Challenge to Colonialism: The Struggle of Alibhai Mulla Jeevanjee for Equal Rights in Kenya

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Publishers Distribution Services, 1997 - History - 283 pages
Many in Kenya and outside have attempted to write or indeed un-write the country's history. Zarina Patel, the subject's maternal granddaughter, here rebuilds the story of Alibhai Mulla Jeevanjee, the first non-white in Kenya to be appointed to represent Indian interests in the Legislative Council. Arguably under-recognised by history, Jeevanjee was an uncompromising advocate on behalf of his Indian constituency, and opponent of the colonial state and culture. Zarina Patel unearths the history of one of the country's political, entrepreneurial and moral colossus. In so doing, she writes the story of the Indian people in the East African Protectorate (Kenya) at the turn of the twentieth century, and of early resistance to colonial rule. Her writing demonstrates the complicated, but ultimately rich political and economic contribution of Asians to the multiracial land that became Kenya. The account chronicles the life of Kenya's ?Grand Old Man?: his entrepreneurial ability, and his business involvement with the imperial British. It recounts how he built Nairobi and founded the East Africa Indian National Congress. Jeevanjee's politics and beliefs led him to advocate non-racialism and equal rights for all. He interacted with African activists and African nationalist politics. He played a decisive role in launching the first important non-white media in the country, the African Standard, now the popular East African Standard.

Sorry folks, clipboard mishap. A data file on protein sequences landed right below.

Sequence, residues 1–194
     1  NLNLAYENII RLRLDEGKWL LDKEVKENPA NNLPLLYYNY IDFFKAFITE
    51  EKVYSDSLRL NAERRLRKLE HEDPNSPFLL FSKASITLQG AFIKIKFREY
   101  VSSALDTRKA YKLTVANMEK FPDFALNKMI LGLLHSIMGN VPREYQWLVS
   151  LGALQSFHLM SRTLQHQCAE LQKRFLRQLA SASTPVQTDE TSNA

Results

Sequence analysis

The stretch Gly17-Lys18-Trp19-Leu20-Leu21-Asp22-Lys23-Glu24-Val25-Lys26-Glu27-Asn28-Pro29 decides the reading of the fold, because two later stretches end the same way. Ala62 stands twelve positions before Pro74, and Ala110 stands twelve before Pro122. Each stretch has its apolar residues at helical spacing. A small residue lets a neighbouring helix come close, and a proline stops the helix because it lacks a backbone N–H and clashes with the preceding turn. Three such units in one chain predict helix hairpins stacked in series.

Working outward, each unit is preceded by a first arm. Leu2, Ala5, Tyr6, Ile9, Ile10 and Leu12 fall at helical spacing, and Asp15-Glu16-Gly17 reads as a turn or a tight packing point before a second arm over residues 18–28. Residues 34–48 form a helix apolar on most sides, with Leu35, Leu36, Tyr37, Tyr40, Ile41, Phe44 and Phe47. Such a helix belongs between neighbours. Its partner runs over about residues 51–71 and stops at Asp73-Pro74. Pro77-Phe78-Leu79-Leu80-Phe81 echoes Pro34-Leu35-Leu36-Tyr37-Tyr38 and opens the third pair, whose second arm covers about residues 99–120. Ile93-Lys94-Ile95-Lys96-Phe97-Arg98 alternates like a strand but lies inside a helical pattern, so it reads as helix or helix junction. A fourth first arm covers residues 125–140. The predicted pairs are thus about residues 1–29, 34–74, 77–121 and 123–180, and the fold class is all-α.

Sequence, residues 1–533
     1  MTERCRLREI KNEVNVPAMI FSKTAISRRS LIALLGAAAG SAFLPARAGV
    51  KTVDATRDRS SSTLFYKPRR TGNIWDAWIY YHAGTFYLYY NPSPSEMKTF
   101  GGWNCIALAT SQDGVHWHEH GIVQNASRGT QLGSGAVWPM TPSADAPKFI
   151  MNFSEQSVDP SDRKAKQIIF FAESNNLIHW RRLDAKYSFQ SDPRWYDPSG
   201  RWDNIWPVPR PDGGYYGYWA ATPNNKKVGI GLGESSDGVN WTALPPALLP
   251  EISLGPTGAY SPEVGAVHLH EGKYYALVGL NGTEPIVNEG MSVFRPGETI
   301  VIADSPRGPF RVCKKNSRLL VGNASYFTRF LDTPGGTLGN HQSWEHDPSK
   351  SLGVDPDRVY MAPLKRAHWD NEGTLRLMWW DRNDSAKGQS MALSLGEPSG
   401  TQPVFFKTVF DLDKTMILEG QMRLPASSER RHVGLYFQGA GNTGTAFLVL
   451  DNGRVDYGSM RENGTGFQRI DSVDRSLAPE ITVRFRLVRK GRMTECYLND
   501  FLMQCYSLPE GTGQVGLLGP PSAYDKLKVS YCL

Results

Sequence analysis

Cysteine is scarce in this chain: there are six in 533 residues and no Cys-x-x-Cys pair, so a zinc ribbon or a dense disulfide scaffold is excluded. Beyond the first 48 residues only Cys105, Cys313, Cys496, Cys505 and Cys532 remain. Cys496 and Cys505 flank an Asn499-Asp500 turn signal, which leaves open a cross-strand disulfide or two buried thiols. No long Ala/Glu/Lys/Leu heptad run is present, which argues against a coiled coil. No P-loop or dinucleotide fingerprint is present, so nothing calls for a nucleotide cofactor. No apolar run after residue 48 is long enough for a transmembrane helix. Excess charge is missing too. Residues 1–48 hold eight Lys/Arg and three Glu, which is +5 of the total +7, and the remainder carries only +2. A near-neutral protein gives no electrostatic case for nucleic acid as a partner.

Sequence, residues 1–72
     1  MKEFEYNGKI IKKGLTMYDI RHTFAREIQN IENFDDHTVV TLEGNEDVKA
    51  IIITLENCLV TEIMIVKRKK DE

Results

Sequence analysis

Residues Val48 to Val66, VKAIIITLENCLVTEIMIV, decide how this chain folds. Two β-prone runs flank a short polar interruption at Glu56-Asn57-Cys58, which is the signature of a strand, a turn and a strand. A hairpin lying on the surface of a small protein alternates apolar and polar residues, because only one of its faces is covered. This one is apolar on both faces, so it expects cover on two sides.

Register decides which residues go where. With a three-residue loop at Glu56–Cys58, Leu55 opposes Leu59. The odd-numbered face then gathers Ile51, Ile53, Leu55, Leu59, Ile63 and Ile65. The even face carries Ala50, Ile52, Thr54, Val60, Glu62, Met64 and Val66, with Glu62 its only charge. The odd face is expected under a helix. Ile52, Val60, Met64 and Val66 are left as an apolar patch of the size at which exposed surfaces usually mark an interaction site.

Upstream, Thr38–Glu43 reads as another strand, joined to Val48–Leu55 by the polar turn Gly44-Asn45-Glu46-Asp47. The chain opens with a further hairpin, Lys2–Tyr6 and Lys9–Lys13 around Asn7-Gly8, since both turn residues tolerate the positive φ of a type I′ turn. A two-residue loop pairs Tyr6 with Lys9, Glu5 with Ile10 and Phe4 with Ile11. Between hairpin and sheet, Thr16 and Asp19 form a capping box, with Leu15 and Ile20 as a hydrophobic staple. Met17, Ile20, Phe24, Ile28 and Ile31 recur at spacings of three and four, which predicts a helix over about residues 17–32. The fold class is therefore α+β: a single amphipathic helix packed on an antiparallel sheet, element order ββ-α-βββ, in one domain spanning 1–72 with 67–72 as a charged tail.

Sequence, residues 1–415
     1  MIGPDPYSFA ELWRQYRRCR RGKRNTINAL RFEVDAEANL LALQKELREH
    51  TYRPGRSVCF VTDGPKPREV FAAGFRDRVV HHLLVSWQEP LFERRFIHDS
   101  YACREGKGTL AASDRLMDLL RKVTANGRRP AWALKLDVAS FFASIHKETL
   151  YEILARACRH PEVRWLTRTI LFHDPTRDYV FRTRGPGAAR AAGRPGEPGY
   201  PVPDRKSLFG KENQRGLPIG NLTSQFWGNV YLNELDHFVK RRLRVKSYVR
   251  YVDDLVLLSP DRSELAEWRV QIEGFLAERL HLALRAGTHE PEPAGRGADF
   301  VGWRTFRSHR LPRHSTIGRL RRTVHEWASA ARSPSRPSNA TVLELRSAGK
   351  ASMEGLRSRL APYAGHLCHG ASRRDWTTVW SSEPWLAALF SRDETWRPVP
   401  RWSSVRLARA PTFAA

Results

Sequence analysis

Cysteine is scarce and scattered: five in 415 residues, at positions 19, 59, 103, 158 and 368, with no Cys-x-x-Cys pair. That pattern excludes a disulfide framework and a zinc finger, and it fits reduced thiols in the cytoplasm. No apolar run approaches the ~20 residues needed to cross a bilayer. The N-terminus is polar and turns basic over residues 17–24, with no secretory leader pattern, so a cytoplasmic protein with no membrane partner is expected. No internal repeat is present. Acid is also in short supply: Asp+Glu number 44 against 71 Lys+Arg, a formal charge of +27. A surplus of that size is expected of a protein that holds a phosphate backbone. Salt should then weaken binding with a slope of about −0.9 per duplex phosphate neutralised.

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Early History
The Uganda Railway
Establishing the African Standard

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